Our favorite one is a 3D map of the entire fiber-optic network around the world. Who knew there were so many cables under the ocean?
We pulled those two from a fabulous piece on medium.com, which you can find here, entitled “The 10 Best Data Visualizations you of 2021”.
We love finding cool stuff for our readers and we are confident this will qualify!
Monthly Award Winners
Our monthly award winners for October were Aurora Dominguez, Patricia Rodriguez, Sandra Vidales, Josefina Quinonez, and Maria Zapata.
In the Team Leader ranks, it was Juana Olivas and Natalia Olivas.
We are so proud of our winners, and of all the folks that are in and out of your homes each week.
We continue to be grateful to you for allowing us into your lives during these challenging times.
Please join me in congratulating our best performers for the month of October.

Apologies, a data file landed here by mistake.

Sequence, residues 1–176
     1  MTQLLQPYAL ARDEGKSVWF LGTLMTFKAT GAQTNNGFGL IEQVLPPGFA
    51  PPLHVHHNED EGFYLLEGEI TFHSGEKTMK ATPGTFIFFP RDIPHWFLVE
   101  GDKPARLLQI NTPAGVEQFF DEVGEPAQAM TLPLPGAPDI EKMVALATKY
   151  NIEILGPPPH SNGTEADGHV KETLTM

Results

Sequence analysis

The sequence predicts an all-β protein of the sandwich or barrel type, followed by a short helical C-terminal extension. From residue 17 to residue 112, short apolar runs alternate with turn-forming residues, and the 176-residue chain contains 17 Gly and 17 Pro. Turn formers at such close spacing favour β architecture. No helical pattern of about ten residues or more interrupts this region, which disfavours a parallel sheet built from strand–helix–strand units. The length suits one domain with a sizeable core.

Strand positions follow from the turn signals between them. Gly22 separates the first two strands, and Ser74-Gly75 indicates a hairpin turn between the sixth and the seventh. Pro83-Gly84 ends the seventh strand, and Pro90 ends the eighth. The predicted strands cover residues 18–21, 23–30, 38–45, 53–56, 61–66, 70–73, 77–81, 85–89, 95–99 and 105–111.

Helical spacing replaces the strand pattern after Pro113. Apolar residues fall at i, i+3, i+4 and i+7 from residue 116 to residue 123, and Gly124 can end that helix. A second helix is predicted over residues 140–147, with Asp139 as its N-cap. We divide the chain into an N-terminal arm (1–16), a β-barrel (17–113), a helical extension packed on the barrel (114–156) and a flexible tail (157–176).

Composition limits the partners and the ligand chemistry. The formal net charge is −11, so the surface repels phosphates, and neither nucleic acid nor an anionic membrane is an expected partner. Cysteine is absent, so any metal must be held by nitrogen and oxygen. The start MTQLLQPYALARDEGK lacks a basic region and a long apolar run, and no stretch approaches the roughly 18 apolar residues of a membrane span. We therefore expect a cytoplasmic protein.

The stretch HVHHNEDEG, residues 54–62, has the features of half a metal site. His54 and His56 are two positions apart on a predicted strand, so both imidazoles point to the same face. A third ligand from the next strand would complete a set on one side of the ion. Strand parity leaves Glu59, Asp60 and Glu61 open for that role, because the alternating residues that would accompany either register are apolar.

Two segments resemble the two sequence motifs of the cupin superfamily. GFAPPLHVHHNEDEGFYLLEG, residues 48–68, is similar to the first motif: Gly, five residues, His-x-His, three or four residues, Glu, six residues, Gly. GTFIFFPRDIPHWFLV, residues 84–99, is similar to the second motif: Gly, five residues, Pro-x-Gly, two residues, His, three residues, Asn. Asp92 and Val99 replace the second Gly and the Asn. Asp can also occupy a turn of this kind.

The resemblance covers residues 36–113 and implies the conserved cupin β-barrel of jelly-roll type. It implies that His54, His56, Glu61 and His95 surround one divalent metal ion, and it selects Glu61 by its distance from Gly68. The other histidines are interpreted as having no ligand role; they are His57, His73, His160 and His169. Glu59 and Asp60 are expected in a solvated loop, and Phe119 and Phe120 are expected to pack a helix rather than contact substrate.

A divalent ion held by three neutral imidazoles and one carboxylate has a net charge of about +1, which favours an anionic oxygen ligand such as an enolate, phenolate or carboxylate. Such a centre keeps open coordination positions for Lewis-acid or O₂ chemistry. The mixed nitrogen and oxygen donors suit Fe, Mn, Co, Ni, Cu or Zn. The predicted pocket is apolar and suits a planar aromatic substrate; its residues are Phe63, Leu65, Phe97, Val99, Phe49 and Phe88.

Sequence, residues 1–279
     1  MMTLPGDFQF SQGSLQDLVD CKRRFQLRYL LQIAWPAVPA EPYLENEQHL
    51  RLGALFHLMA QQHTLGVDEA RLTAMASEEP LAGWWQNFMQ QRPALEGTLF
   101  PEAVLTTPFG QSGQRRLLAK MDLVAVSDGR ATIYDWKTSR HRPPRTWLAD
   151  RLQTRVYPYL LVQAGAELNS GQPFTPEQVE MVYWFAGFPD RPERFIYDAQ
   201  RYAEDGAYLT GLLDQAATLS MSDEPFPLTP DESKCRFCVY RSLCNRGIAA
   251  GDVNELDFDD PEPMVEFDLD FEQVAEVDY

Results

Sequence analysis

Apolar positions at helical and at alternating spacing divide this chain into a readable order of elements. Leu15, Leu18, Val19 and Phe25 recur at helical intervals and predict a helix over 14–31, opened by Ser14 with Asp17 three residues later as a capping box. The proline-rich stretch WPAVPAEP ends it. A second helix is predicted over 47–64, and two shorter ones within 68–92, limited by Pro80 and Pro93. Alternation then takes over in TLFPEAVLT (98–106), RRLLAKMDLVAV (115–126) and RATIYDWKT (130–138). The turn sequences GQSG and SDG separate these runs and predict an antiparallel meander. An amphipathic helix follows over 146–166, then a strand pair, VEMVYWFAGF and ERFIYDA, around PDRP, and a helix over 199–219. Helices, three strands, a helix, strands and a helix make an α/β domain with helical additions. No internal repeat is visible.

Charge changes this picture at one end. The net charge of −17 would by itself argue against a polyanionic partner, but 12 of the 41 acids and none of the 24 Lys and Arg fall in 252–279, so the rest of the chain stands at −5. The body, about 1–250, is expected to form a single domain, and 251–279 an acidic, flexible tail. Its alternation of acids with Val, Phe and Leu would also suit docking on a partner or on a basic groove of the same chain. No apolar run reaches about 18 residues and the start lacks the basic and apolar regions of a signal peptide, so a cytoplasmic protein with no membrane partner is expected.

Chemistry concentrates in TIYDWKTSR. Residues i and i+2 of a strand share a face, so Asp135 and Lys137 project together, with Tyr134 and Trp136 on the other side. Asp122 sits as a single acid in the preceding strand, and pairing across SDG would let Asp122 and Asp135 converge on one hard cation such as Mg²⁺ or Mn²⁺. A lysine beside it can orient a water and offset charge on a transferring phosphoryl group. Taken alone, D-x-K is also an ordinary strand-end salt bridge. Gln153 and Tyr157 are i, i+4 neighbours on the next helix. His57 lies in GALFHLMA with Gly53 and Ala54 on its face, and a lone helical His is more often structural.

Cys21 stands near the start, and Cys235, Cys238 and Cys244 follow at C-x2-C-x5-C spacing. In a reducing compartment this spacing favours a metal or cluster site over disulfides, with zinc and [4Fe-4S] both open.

Queen Bee Corner
Denver was recently rated the Booziest City in the country, but one only must look back at our immigrant history to see that we have worked hard to merit this distinction.
German immigrants in 1880 owned nearly a third of Denver’s taverns. Patrons could sing and speak in German, read German newspapers, eat German food and drink German Bock. Basically to feel at home in a foreign city.
The Irish immigrants came with the advent of the railroad and established bars between their homes and the tracks, where many had settled. By 1900 the Irish population of Denver was 3% but they owned 10% of the bars.
Jewish immigrants also found the liquor business easy to enter. One of the first sources of Kosher food in Denver was in a Jewish delicatessen established next to a synagogue.
Italian immigrants recruited to work on the railroad gradually moved into the north Denver area where they operated their Italian bars and restaurants. When prohibition came, rather than close, they moved operations to their basements.
Other ethnicities soon immigrated to Denver. By 1920, the Russians were the largest immigrating group and the Slavs had already established their community in Globeville.
Although few of the immigrant establishments remained after prohibition, they were the first of a grand tradition that we have proudly carried on to this day.
Happy Holidays! Cheers!